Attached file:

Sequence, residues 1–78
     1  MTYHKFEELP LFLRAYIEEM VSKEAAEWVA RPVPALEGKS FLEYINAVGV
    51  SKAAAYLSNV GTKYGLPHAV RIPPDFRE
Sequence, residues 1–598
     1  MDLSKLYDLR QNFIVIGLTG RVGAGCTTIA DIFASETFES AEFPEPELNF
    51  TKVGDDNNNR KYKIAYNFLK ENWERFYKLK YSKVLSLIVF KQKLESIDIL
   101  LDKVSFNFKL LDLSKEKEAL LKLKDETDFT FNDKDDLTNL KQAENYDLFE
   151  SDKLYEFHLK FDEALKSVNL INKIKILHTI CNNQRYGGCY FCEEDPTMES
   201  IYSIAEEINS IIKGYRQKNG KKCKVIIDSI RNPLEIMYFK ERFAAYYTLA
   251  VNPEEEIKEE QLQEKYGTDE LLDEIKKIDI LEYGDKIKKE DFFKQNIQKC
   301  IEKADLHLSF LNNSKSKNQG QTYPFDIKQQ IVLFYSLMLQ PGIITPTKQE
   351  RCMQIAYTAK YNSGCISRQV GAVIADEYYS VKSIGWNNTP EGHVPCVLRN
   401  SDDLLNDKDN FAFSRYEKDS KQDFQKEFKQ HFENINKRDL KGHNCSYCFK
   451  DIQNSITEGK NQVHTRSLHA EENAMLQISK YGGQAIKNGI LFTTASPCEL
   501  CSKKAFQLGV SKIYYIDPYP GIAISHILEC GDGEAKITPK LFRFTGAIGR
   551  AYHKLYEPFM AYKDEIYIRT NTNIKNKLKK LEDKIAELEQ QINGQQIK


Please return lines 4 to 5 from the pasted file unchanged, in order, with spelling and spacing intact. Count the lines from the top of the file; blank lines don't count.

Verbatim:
Sequence, residues 1–598
     1  MDLSKLYDLR QNFIVIGLTG RVGAGCTTIA DIFASETFES AEFPEPELNF